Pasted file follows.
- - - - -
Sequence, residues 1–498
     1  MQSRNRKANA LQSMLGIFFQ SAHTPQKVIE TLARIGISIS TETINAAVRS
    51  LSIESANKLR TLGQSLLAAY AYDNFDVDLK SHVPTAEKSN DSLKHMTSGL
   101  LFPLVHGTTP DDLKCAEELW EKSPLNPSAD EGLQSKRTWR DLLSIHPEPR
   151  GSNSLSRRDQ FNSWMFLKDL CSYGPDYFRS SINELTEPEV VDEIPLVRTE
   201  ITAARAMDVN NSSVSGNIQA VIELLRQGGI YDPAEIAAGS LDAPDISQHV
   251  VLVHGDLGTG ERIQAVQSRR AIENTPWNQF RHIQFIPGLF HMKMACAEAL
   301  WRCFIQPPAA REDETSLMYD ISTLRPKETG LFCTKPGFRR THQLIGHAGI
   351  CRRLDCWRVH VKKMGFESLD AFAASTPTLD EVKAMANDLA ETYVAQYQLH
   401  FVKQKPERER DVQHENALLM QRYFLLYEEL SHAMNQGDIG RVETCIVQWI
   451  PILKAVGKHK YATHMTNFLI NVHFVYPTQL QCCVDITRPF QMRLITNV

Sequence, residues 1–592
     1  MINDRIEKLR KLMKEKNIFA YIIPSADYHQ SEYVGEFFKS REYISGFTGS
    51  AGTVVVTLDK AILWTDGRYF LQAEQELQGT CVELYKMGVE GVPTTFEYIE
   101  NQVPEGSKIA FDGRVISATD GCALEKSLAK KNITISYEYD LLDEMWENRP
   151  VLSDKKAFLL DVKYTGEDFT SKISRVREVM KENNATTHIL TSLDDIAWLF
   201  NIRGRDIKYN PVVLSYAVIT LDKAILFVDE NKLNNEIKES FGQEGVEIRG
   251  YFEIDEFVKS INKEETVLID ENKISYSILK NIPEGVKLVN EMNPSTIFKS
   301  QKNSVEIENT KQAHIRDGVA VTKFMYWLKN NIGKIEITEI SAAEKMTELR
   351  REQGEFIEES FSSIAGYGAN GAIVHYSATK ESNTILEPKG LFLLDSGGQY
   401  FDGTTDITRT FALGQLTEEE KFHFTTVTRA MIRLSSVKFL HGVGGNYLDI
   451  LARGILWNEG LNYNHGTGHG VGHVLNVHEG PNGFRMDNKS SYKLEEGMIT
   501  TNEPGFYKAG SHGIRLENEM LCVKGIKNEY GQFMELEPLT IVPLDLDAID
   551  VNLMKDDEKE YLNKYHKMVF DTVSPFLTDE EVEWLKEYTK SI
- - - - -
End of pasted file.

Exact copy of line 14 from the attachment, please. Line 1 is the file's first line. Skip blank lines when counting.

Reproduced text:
    51  AGTVVVTLDK AILWTDGRYF LQAEQELQGT CVELYKMGVE GVPTTFEYIE